All of this is necessary backstory, foundation and support to understand the plotting, maneuvering and the state of affairs here in Inheritors of Power. This carefully constructed edifice, and the plight of the Varin comes to the fore, and comes to challenge. As mentioned above, Wade does her best in setting this up for a new reader, but this book relies on the previous two novels in a fundamental way.  

Let’s take Imbati Catin for an example. Bright star of the Academy, she is recruited into a scheme to become the next servant for Adon, as a way to support him and put a check on Nekantor...or is it to put a check on Nekantor’s own servant, Xinta? Nekantor’s penchant for secrecy and power mean that what is really going on in the Eminence’s household is a black box, and the strains on the already strained Varin society are beginning to show. Something Must Be Done, and so Catin finds herself in a web of plots and power as she tries to be a loyal and well working Imbati for Adon, and yet fulfill her objectives. The strain on Catin, given her caste, given her training, are a reflection and a contrast that work best if you’ve already read Mazes of Power and have encountered Aloran and so can understand Catin much better. Having that grounding in the Imbati not only helps understand Catin’s story, but also Xinta’s. 

Xinta, as Nekantor’s servant, gets a few point of view chapters himself. In fact, Wade does a most clever thing in running sets of chapters in succession in switching points of view and following different characters and points of view, providing a good treadmill to carry the reader through the narrative. This technique means that a couple of points, we need to get into Xinta’s head, into Xinta’s point of view. Thus, we as a reader understand the whole of the Varin and what is going on much much better than any individual character, and it provides a rich tapestry. But, again, understanding Xinta and what he does without bogging down the narrative relies on having the background on Nekantor for the last two novels. There is also a subplot in this novel involving one of Tagaret’s children that only makes sense if you know about Nekantor’s disability, as seen in the first novel.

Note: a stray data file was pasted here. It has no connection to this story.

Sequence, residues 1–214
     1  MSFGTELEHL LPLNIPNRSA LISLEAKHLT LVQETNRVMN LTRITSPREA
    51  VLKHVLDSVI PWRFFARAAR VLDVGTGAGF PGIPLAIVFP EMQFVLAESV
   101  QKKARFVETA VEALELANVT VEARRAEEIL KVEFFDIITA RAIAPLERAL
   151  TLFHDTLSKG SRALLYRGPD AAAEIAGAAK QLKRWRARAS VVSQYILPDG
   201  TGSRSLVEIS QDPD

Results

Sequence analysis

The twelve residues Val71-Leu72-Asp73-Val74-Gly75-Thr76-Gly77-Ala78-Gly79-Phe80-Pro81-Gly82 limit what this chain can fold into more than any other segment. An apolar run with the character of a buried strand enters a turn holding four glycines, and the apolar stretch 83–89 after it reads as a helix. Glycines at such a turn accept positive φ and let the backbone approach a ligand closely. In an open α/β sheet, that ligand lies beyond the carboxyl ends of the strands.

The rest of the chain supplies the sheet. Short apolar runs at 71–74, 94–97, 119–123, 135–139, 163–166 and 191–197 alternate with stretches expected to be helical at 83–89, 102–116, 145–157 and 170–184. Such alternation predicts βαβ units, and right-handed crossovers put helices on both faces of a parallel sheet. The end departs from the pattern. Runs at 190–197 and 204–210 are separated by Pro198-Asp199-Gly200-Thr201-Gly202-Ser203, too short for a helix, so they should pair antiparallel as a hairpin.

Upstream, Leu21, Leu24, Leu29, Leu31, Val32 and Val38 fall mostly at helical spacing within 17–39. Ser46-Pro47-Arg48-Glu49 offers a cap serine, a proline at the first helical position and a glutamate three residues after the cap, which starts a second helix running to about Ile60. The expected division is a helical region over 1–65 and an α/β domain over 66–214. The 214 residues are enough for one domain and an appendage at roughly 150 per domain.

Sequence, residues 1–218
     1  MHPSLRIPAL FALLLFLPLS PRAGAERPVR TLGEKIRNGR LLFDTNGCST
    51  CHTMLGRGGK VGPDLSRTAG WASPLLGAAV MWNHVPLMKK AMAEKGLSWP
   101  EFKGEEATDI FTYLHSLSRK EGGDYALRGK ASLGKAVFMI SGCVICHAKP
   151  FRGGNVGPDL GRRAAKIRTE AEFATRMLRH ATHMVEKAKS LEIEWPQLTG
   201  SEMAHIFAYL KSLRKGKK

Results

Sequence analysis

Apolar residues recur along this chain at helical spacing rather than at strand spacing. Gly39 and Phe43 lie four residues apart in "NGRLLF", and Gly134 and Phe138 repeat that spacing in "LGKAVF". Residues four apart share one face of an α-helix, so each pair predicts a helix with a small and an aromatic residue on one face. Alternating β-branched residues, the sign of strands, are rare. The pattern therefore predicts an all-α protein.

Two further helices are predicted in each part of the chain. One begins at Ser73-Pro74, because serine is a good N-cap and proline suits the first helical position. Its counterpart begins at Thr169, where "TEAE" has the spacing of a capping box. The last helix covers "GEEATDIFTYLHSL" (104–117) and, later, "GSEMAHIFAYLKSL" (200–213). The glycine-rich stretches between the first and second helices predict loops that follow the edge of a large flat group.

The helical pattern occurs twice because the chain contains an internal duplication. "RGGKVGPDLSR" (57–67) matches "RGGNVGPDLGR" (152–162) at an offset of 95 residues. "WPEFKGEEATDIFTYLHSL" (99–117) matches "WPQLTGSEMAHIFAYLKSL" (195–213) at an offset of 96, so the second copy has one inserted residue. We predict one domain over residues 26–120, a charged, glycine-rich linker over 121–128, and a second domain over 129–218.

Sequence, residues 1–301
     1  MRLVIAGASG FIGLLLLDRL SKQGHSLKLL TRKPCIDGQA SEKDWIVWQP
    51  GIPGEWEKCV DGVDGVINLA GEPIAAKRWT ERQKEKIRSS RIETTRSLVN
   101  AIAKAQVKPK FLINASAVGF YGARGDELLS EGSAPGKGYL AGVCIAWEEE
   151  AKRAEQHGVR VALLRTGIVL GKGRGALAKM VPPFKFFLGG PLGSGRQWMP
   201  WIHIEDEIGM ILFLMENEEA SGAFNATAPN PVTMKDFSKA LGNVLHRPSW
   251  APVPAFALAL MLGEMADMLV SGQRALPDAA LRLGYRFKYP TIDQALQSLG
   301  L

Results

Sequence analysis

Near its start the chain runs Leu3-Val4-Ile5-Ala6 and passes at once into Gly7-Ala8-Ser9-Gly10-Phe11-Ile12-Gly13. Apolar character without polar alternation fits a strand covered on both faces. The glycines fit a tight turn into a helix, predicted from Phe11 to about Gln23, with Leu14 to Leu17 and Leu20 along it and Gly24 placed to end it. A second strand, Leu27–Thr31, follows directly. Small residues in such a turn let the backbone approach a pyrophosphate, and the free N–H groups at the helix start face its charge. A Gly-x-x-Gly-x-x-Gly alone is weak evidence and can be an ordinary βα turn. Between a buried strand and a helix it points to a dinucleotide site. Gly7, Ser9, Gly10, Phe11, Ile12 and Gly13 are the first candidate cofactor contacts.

And then there is the fragile nature of Varin society. A major theme of this novel is when the lights literally start to go out, when things fall apart and cannot be easily repaired, how does one carry on and what does it say about a society that is just trying to keep things running, and trying to stay one step ahead of entropy? Having leadership like Nekantor, having an inflexible society as developed in the first two novels only makes the problem more acute. Society is suffering both on a tangible and a sociological level. This sort of exploration is Wade’s jam and she makes a lot of good hay out of it.

Having Akrabitti characters, Corbinan and particularly our major viewpoint character of Meetis. show us the lowest rung of Varin society, one barely even mentioned in the pages of the first two novels, as focused as we were on the top three castes. The Akrabitti are an undercaste of undercastes. Even the merchant Melumalai caste, ostensibly the caste just above them, are an unapproachable gulf of power, authority and rights above the Akrabitti. We’ve seen Melumalai before, and we see here how much they are below the other castes in rank. As far below the Grobal, 5 castes above them, the Melumalai are, the Akrabitti are below the Merchants. Although we’ve seen how the Castes work in the previous two novels, having Akrabitti characters really shows the Castes and how they work. 

In addition, continuing that worldbuilding theme, we get to see how the “rest of society” gets on, society between the exalted Grobal and the low Akrabitti. This novel is the most successful yet in showing the entire spectrum of Varin society by giving us the perspectives of poor Corbinan, and more to the point, Meetis.. We’ve changed our tight lens on the top of society and their concerns, a perspective that has given us deep insight into Grobal and Imbati (and to a lesser extent, the Arissen) and now see much of the society and how it gets on--and how it, too is fraying. The sense of entropy in the Varin world, both in terms of the center cannot hold, and the weaknesses of the caste system itself, really comes to the fore from a “ground level perspective”.